By Dan Zak
Washington Post Staff Writer
Saturday, June 20, 2009
The students of Ballou Senior High School's automotive technology program can thank Barack Obama's absent father for their current predicament: getting rapped at by Darryl McDaniels of Run-DMC, who's mixing rhyme and reason about being a good man and finding significance in one's life. He and a dozen male students are sitting in the program's auto shop in Southeast yesterday afternoon, sheltered from the first truly sunny day in recent memory.
"I didn't come here to be a famous rap dude," says McDaniels, standing in front of a hydraulic brake demonstrator across from three busted-up cars on hydraulic lifts. "I didn't come here to be the king of rock. If [Run-DMC] didn't do what we did, there would be no hip-hop."
The students consider this theory.
McDaniels ponders his example more deeply, saying: "What I represent is purpose and destiny. . . . Don't let anyone tell you you can't do it. . . . I was like y'all, a school kid growing up in the 'hood. . . . And I became not just a rapper but one of the greatest ever to do it. And the reason it happened was because I took every opportunity."
Former Pittsburgh Steelers coach Bill Cowher sits nearby, silently, in a beige suit and blue oxford shirt, next to the diagram of a multi-part fuel-injection trainer. His mustache won't say whether he's smiling.
The Super Bowl champion and one-third of the legendary hip-hop group were in the garage as part of President Obama's national day of conversation about fatherhood and personal responsibility. Father's Day is tomorrow, and Obama -- whose father's absence shaped his life and inspired a best-selling book -- deployed famous and semi-famous men to eight sites in the Washington area to interact with nonprofit organizations that focus on youth mentorship. Obama visited one such group in Arlington yesterday morning before heading back to the White House for a town-hall meeting on fatherhood and a mentoring session with young men on the South Lawn.
At Ballou, Cowher gets in some less-lofty words.
"Part of life is acquiring a skill," he says. "I'm not saying you are going to [repair cars] for the rest of your life, but your skill separates you from a lot of people. I couldn't even change the oil on that car."
Then DMC takes over, popping around in his black CBGB shirt and paint-splattered jeans. He gesticulates with passion, stressing the importance of not dropping out of school, not using foul language and not getting shot.
"Put me on the stage with any rapper," he challenges the students. "I will defeat them and I won't curse at all."
Then he says that if he hadn't been given up for adoption and cared for by a loving family in Hollis, Queens -- We're funky fresh from Hollis, Queens! -- there would be no Run-DMC and, hence, no hip-hop.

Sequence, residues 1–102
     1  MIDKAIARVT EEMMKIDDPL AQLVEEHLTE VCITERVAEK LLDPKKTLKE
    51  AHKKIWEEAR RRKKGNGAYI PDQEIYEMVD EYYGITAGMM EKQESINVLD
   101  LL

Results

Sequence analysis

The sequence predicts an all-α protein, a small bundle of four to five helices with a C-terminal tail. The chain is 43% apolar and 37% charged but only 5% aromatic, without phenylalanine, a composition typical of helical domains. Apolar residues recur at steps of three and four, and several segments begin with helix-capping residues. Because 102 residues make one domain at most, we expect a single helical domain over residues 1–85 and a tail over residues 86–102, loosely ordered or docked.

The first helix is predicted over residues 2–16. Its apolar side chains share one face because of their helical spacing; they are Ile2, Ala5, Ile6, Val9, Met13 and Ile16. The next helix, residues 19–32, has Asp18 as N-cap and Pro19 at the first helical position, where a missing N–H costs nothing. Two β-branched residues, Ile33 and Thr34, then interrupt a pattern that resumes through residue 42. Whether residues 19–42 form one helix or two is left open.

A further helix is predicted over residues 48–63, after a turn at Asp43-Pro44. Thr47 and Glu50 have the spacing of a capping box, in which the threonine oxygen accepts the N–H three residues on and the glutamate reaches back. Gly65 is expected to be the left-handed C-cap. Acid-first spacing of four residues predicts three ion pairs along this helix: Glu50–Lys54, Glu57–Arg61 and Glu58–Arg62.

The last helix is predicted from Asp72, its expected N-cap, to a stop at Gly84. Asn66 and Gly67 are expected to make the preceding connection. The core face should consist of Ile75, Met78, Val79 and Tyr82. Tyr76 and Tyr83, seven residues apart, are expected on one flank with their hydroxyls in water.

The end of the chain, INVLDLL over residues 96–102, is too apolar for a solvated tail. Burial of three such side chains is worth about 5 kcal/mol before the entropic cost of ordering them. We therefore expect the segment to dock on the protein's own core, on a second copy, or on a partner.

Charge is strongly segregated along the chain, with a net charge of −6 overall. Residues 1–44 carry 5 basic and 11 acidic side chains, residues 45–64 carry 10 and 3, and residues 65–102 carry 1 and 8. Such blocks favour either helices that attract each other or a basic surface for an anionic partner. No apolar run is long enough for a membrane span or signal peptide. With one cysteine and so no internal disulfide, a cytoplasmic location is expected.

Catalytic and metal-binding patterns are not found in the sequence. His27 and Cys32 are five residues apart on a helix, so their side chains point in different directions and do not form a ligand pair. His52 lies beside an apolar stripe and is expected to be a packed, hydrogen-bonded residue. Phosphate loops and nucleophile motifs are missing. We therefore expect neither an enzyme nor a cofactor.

And it would follow that without Barack Hussein Obama the father, there would be no Barack Hussein Obama the son, and maybe without the father's absence, there would be no President Obama, and no White House Office of Faith-Based and Neighborhood Partnerships, which coordinated yesterday's events and will sponsor regional town halls on fatherhood in the future.
The events "are designed to send a strong message -- a PSA -- that fatherhood matters," says the Rev. Jim Wallis, who's on the president's advisory council for the faith-based office. "It's about visibility. This is all a bully pulpit."
Later, Cowher, DMC and a phalanx of famous fathers (Sen. Evan Bayh and Washington Wizard Etan Thomas, for example) sit in gold-colored chairs under a glittering chandelier in the air-conditioned East Room of the White House, a galaxy removed from Ballou's auto shop. Obama paces in front of a roomful of volunteers, activists and reporters. He's starting a "national conversation" because, as he says, 23 percent of young people are growing up without a father.
"This isn't an obligation," he says. "It's a privilege, being a father."
He takes a question from a student from St. Albans School for Boys.
"Which is funner: Being a father or being president?" the student asks.
"I mean this," Obama says. "Nothing is more fun than being a father. But my kids aren't teenagers yet."
The event is followed by a mentoring session on the sunny, swampy expanse of the South Lawn, where groups of well-dressed local high-schoolers sit in semicircles and talk about manhood and fatherhood and brotherhood with Ray LaHood, Obama's transportation secretary, among others.
Obama drifts between the pods of young and old men, who share their life experiences.
A reporter calls out, "Mr. President, what do you want for Father's Day?"
"A health care bill," he says, without missing a beat.
DMC holds court nearby and Cowher listens, unable to get a word in. Only snippets of the hip-hop pioneer's mentoring can be heard above the other hubbub:
". . . importance of being responsible . . . leaders of tomorrow . . . Jay-Z. . . I ain't talking about all the great rap records . . ."
At one point Vice President Joe Biden sits down with another group and talks at length about his sons. Some of the teenage fathers-in-training are drowning in sweat, and Biden talks so long his bald spot seems to burn purple in the sun.
More DMC: ". . . the showbiz aspect . . . iPods! . . . 3 percent of what pop culture is all about. . . .You ain't the king, I'm the king . . . "
Bobby Flay, father and celebrity chef, grills rib-eyes and corn on the cob nearby. The conversations about how to be a good man and father will continue over lunch.
DMC redux: ". . . what it's like to live in the 'hood . . . take advantage of every opportunity . . . I had a Cadillac gold chain . . . "
At one point, the president walks past DMC and Cowher, pats the former on the shoulder and tells the kids, "I suspect these two are interesting together."